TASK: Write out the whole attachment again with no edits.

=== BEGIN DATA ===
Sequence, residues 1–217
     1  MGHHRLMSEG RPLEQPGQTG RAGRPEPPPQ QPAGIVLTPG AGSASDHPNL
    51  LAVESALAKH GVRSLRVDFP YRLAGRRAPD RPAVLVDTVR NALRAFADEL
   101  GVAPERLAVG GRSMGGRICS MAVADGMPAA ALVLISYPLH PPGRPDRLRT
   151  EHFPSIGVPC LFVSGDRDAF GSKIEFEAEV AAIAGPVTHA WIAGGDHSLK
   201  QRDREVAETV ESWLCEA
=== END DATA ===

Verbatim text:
Sequence, residues 1–217
     1  MGHHRLMSEG RPLEQPGQTG RAGRPEPPPQ QPAGIVLTPG AGSASDHPNL
    51  LAVESALAKH GVRSLRVDFP YRLAGRRAPD RPAVLVDTVR NALRAFADEL
   101  GVAPERLAVG GRSMGGRICS MAVADGMPAA ALVLISYPLH PPGRPDRLRT
   151  EHFPSIGVPC LFVSGDRDAF GSKIEFEAEV AAIAGPVTHA WIAGGDHSLK
   201  QRDREVAETV ESWLCEA